19. Robert J. Barro, 1995. "Inflation and Economic Growth," NBER Working Papers 5326, National Bureau of Economic Research, Inc.
  20. Antràs Pol, 2004. "Is the U.S. Aggregate Production Function Cobb-Douglas? New Estimates of the Elasticity of Substitution," The B.E. Journal of Macroeconomics, De Gruyter, De Gruyter, vol. 4(1), pages 1-36, April.
  21. Young, Alwyn, 1994. "Lessons from the East Asian NICS: A contrarian view," European Economic Review, Elsevier, Elsevier, vol. 38(3-4), pages 964-973, April.
  22. Kent Smetters, 2003. "The (Interesting) Dynamic Properties of the Neoclassical Growth Model with CES Production," Review of Economic Dynamics, Elsevier for the Society for Economic Dynamics, vol. 6(3), pages 697-707, July.
  23. Margarida Duarte & Diego Restuccia, 2007. "The Role of the Structural Transformation in Aggregate Productivity," Working Papers, University of Toronto, Department of Economics tecipa-300, University of Toronto, Department of Economics.
  24. Young, Alwyn, 1995. "The Tyranny of Numbers: Confronting the Statistical Realities of the East Asian Growth Experience," The Quarterly Journal of Economics, MIT Press, MIT Press, vol. 110(3), pages 641-80, August.
  25. Ben S. Bernanke & Kenneth Rogoff, 2001. "Editorial in "NBER Macroeconomics Annual 2000, Volume 15"," NBER Chapters, National Bureau of Economic Research, Inc, in: NBER Macroeconomics Annual 2000, Volume 15, pages 1-4 National Bureau of Economic Research, Inc.
Full references (including those not matched with items on IDEAS)

Citations

Citations are extracted by the CitEc Project, subscribe to its RSS feed for this item.
as in new window

Cited by:
  1. Berthold Herrendorf & Richard Rogerson & Ákos Valentinyi, 2013. "Growth and Structural Transformation," NBER Working Papers 18996, National Bureau of Economic Research, Inc.

Lists

This item is not listed on Wikipedia, on a reading list or among the top items on IDEAS.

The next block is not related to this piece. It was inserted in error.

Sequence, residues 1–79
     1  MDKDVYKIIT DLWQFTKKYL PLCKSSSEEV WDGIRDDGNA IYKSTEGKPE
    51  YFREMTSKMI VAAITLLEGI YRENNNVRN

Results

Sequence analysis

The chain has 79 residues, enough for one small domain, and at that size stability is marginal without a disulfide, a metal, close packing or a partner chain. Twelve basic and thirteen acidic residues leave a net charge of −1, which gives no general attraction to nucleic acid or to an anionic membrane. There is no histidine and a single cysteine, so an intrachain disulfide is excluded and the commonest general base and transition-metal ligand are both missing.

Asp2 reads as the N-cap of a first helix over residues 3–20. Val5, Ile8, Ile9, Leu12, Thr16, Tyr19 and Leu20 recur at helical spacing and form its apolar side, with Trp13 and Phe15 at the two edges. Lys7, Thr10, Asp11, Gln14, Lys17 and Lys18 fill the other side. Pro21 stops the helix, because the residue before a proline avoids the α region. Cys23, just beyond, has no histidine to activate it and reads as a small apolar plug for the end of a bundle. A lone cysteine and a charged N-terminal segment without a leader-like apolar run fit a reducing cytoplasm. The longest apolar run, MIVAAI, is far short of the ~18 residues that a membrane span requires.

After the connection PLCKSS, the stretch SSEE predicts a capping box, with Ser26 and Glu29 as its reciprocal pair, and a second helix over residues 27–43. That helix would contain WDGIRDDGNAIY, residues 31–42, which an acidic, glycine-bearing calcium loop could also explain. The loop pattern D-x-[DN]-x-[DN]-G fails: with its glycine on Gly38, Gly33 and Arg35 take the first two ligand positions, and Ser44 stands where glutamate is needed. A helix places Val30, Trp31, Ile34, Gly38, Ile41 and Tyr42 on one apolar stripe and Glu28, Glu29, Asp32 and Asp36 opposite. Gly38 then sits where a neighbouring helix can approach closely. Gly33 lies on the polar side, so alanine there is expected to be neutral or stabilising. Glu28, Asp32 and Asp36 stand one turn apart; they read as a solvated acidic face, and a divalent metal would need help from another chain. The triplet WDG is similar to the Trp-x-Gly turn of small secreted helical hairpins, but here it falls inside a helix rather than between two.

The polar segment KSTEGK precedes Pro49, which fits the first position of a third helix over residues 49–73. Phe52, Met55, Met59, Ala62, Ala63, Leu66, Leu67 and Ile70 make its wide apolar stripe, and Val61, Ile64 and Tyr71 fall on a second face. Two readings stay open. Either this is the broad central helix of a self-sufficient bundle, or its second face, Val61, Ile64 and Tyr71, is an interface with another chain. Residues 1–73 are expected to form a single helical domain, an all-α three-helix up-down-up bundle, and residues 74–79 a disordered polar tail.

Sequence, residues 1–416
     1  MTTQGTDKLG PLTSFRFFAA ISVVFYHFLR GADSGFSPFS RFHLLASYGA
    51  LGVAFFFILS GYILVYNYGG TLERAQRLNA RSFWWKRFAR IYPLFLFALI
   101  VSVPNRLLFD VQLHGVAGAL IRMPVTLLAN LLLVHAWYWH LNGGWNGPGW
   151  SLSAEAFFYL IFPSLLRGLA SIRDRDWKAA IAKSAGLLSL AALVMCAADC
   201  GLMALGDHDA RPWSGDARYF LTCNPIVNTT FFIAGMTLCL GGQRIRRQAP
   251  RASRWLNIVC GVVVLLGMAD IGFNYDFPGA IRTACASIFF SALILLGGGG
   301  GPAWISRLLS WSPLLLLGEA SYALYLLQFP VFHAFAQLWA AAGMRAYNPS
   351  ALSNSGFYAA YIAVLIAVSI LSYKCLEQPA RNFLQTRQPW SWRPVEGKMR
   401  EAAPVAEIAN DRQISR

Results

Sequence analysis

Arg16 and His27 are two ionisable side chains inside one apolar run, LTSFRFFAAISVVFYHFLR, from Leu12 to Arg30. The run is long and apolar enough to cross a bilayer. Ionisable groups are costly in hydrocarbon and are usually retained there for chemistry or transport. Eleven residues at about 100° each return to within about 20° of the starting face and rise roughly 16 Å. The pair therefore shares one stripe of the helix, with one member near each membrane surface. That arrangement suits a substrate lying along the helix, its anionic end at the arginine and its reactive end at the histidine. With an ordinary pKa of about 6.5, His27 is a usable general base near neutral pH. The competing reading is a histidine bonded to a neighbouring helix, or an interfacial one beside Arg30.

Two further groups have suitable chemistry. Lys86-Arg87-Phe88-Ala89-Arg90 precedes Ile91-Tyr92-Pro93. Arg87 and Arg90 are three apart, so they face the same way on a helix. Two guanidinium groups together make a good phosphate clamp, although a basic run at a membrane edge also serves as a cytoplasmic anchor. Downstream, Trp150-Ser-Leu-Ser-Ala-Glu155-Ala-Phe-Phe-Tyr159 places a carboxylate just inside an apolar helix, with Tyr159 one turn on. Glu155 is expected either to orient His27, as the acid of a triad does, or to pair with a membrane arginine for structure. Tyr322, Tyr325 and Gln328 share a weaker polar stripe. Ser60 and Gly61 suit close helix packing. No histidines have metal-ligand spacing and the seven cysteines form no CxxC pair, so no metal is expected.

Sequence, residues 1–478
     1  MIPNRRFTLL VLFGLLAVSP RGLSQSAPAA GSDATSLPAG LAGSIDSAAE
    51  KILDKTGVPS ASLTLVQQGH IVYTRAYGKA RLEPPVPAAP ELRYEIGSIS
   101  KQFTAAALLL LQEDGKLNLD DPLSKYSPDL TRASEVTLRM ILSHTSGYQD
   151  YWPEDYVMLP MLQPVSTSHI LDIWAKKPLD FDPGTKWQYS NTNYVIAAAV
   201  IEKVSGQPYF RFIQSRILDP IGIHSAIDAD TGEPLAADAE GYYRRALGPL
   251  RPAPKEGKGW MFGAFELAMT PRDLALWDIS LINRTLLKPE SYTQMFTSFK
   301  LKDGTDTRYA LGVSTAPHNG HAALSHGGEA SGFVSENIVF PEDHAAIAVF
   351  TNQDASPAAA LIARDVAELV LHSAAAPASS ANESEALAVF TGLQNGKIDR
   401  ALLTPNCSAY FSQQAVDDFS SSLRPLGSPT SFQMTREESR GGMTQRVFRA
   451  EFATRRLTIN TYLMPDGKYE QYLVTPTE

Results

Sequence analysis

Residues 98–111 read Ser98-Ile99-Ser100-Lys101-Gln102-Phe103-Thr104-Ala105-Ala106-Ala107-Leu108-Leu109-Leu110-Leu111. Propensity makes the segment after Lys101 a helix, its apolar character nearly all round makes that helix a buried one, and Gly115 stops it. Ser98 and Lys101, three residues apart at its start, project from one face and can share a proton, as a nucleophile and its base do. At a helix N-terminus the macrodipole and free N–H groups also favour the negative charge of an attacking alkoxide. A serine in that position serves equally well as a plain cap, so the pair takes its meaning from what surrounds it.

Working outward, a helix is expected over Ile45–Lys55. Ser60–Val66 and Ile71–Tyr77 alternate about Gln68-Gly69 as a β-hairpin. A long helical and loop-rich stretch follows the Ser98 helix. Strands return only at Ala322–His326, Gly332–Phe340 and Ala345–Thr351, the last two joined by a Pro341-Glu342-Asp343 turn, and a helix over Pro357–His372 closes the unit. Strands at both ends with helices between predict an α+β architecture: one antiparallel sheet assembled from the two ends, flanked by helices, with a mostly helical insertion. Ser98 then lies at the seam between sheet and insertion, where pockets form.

Statistics

Access and download statistics

Corrections

When requesting a correction, please mention this item's handle: RePEc:roc:rocher:565. See general information about how to correct material in RePEc.

For technical questions regarding this item, or to correct its authors, title, abstract, bibliographic or download information, contact: (Gabriel Mihalache).

If you have authored this item and are not yet registered with RePEc, we encourage you to do it here. This allows to link your profile to this item. It also allows you to accept potential citations to this item that we are uncertain about.

If references are entirely missing, you can add them using this form.

If the full references list an item that is present in RePEc, but the system did not link to it, you can help with this form.

If you know of missing items citing this one, you can help us creating those links by adding the relevant references in the same way as above, for each refering item. If you are a registered author of this item, you may also want to check the "citations" tab in your profile, as there may be some citations waiting for confirmation.

Please note that corrections may take a couple of weeks to filter through the various RePEc services.